In a power system, f_{i }represents calculated power for all buses as shown in (17) and (18); z_{i }denotes the scheduled power; and x_{i }represents both the bus voltages V and bus angles θ. The NewtonRaphson method can be used to calculate both the system's steady state and the system's instantaneous solution which are used to perform a stability analysis in which generator parameters and dynamics also may be considered. A twoaxis generator model contains ten different dynamic parameters: δ, ω, E_{q}′, E_{d}′, E_{fd}, V_{R}, R_{F}, T_{M}, P_{ch}, and P_{sv}. All these variables are denoted as y_{i}. Considering the generator dynamics, the Jacobian matrix ΔX and ΔF can be formed as:
and the matrix formed:
ΔX=J^{−1}×ΔF (36)
When using the NewtonRaphson method, the power tolerances (ΔP and ΔQ) are calculated using the current P, Q in each iteration, and are compared with previous power tolerances. However for generator parameters, trapezoidal integration is used to calculate the difference.
Substituting x_{i}^{(0) }into the function, each element of ΔF and J can be estimated. Δx_{i}^{(0) }can be calculated by any method to solve the linear matrix equations. After the first iteration, the new value of x_{i }can be calculated as x_{i}^{(1)}=x_{i}^{(0)}+Δx_{i}^{(0)}. By substituting x_{i}^{(1) }into the equation, the new value of each entree in ΔF and J can be estimated, and x_{i}^{(2) }can be calculated as
x_{i}^{(2)}=x_{i}^{(1)}+x_{i}^{(1)} (37)
y_{i }is calculated in the same way along with x_{i}.
The final solution of (37) is generated through iterations. Therefore, the steps for using the NewtonRaphson method can be shown as:

 1) Set the initial value for each bus voltage V^{(0)}, angle θ^{(0)}, and generator parameters.
 2) Estimate power difference vectors ΔP^{(0) }and ΔQ^{(0) }using trapezoidal integration algorithm to estimate ΔF_{2}^{(0)}.
 3) Estimate each entree of Jacobian matrix.
 4) Solve the equation (36) for ΔX
 5) Modify each variable:

 6) Estimate ΔF^{(1) }with x^{(1) }and y^{(1)}.
 7) Evaluate the convergence using a condition described as:
ΔF^{(K)}<ε (39)


 where ΔF^{(K)} is the absolute value of maximum element of vector ΔF^{(K)}. This is an index describing the power tolerances for final results. In this case epsilon is considered as ε=10^{−}.
 8) For ΔF^{(K)}<ε the iteration objective is reached and results can be shown as output, otherwise repeat from step 3 and iterate until satisfying the condition of convergence.

The NewtonRaphson method described can be used as part of an iterative error detection loop 500, as illustrated in
2.3 RungeKutta Method and Procedure
A power system is a nonlinear system, models of power systems contain both differential and algebraic equations (as discussed earlier). However, it has been challenging to solve a set of differentialalgebraic equations (DAE) simultaneously. As disclosed herein, the original DAE modeling the power system is converted into purely differential equations, then simulated by using the RungeKutta method (or any other appropriate solver) for differential equations. The RungeKutta method is explained here as an example to show how the disclosed purely differential model of power system can be used and solved in time domain simulations. Other similar differential equation solvers can be used with the disclosed purely differential model of a power system. The RungeKutta method performs calculations using the known derivatives of equations and setting initial values for variables. A basic introduction on this algorithm is now presented.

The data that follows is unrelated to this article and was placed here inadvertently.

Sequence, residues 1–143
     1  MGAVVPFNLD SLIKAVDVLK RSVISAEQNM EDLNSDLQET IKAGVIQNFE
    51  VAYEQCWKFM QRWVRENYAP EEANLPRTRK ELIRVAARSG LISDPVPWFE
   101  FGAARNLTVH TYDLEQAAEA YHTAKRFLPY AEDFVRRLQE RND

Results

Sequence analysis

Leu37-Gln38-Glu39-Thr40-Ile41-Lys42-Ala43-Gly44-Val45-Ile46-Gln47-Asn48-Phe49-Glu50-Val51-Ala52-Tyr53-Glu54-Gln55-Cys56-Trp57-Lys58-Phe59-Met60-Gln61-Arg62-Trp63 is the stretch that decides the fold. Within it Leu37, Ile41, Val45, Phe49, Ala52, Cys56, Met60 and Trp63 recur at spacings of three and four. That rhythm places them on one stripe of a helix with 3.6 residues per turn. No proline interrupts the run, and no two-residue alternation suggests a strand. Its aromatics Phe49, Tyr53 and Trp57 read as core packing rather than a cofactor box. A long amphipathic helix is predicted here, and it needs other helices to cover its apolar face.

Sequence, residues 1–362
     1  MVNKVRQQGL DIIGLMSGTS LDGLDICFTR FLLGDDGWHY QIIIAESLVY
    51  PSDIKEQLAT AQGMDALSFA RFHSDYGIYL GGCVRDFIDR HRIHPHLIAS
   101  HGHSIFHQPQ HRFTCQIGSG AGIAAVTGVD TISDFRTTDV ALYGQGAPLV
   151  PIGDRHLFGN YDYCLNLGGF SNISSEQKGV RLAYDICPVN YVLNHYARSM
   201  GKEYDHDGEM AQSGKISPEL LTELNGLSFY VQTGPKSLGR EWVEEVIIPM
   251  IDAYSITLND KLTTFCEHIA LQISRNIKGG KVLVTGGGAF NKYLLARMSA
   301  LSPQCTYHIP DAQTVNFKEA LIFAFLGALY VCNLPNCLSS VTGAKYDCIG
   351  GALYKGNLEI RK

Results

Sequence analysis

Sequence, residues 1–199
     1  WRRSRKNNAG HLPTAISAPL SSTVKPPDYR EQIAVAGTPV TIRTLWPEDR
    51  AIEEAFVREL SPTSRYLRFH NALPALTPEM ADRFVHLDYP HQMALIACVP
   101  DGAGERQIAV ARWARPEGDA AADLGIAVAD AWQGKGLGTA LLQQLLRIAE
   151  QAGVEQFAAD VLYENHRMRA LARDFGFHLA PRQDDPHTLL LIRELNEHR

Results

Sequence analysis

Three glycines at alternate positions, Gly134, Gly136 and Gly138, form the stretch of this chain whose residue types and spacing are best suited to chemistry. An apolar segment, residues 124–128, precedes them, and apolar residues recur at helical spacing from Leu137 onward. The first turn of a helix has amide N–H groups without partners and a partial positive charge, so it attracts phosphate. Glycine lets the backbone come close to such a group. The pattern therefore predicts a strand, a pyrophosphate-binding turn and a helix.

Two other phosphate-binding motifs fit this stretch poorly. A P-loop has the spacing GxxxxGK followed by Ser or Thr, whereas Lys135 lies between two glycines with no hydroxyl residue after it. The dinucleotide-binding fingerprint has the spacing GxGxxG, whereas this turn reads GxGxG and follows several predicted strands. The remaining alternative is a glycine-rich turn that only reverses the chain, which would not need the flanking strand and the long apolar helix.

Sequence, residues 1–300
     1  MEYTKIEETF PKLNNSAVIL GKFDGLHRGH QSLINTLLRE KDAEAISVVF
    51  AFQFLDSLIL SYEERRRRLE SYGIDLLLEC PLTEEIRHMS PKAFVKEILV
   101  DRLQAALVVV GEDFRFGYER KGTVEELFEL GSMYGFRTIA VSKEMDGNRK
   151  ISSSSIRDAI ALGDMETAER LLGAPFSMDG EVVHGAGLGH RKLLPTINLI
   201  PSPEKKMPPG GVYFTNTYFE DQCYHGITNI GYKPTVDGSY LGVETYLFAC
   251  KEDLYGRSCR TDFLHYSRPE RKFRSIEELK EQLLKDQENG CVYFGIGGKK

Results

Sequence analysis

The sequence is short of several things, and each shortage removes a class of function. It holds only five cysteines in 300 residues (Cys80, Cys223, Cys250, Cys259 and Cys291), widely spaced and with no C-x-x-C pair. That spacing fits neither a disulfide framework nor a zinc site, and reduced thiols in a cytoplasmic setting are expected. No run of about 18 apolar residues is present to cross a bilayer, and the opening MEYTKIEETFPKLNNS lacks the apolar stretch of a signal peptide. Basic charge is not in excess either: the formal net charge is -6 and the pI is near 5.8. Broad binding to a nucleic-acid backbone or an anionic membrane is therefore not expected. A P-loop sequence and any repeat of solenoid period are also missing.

The RungeKutta method is very similar to a Taylor series solution. Different orders (a first order, second order, third order, etc.) in performing the RungeKutta method are used depending on elements which are kept from a Taylor series expansion. For example, a higher order of RungeKutta requires more significant items in a higher order expansions of Tylor series expansion, which results in more accurate calculations and output.
In this example, a fourth order of RungeKutta method is used. For step (n+1), the general function for x is:
The physical interpretations for equations (41) to (44) can be described as:
k_{1}=(slope of beginning time step) Δt
k_{2}=(first approximation of slope of middle time step) Δt
k_{3}=(second approximation of slope of middle time step) Δt
k_{4}=(slope of last time step) Δt
Therefore, Δx is the incremental value of x depending on the weighted average of slope of beginning, middle and last point of the time step.
Using this algorithm, dynamic stability for the power system is simulated and analyzed. Dynamic stability analysis evaluates the impact of various system parameters due to a disturbance. In this case, the system is tested for relatively long time after a fault condition has affected the network. The flowchart of this algorithm is illustrated in